Paroo-Darling National Park
What we're doing
Park management activities
Paroo-Darling National Park has management strategies in place to protect and conserve the values of this park. Visit the detailed park and fire management documents. Here is just some of the work we’re doing to conserve these values:
Paroo-Darling National Park is committed to upholding biodiversity and does this by protecting rare, vulnerable, threatened and endangered species. Conservation programs are regularly carried out in this park, and can include intensive research, surveying, data collection on species distribution and population, revegetation, fire management reviews and pest control.
Recognising the threat dust poses to the Australian landscape, DustWatch is a community program to monitor the extent and severity of wind erosion across the country. It is led by scientists from the Office of Environment and Heritage with support from local observers from government agencies and the community.
Managing weeds, pest animals and other threats
Pests and weeds have a significant impact to the ecosystems within Paroo-Darling National Park. NPWS carries out risk assesments for new and emerging weeds as well as fox and goat control to protect biodiversity in this park.
Wild dogs can have significant impacts on other animals and are regarded as pests. Our wild dog control program operates in many NSW national parks and reserves. When carrying out wild dog pest control, we aim to minimise the impact that they have on livestock and domestic pets, while maintaining dingo conservation in key areas.
Historic heritage in our parks and reserves
NPWS strives to promote awareness and understanding of Paroo-Darling National Park, its historic heritage and abundant natural and cultural assets. NPWS actively supports research efforts and partnerships that assist park management, decision-making and conservation. Research findings, where possible, are interpreted, made available to the public, and implemented as required.
Conserving our Aboriginal culture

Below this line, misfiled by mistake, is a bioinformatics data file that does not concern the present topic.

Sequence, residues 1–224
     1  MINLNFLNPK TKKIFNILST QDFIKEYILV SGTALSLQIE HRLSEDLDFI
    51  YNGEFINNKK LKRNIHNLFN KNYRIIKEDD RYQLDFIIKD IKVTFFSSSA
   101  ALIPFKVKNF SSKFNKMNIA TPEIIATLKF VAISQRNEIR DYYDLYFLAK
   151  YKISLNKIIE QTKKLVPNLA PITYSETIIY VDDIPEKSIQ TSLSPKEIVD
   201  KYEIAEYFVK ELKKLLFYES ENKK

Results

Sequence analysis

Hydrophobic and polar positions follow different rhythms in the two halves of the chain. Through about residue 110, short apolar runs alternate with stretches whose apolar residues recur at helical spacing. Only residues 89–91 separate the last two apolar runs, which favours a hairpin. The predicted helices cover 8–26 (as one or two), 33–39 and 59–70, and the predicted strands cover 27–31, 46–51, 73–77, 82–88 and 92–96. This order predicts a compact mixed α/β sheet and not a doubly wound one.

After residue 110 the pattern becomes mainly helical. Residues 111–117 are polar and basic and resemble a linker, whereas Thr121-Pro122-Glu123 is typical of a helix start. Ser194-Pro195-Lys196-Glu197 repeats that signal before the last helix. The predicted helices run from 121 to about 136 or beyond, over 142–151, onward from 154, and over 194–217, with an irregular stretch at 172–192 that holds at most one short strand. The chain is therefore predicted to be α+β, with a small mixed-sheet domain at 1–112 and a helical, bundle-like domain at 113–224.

Paroo-Darling National Park is the traditional home of the Ngiyeempaa and Paakantyi people. Where possible, NPWS works alongside members of these communities to conserve and protect the park’s Aboriginal cultural heritage, and pursues opportunities for increased cultural connection. Research projects and programs to inform and educate park visitors are ongoing. Cultural site information is documented and preserved, and Aboriginal cultural material repatriated.
To acknowledge the commitment NSW National Parks has in working with the Paroo-Darling National Park Elders Council, a Memorandum of Understanding was signed in November 2010. This agreement ensures that Aboriginal people have meaningful involvement in the management of the park, which features Aboriginal sites and places of cultural value.
- in the Outback NSW region
Paroo-Darling National Park is always open but may have to close at times due to extreme weather or fire danger.
Broken Hill office
08 8084 2880
Contact hours: Monday to Friday, 8.30am to 4.30pm. Closed 1pm to 2pm.
- 183 Argent Street, Broken Hill NSW 2880
- Broken Hill office
Paroo-Darling Visitor Centre, White Cliffs
Contact hours: Monday to Friday, 8.30am to 4.30pm.
- 2 Johnston Street, White Cliffs NSW 2836
- Paroo-Darling Visitor Centre, White Cliffs
Donate to NSW National Parks
Valuable conservation work is being done in our national parks through the Foundation for National Parks and Wildlife, a not-for-profit organisation with the mission to care for Australia’s native plants, animals and cultural heritage.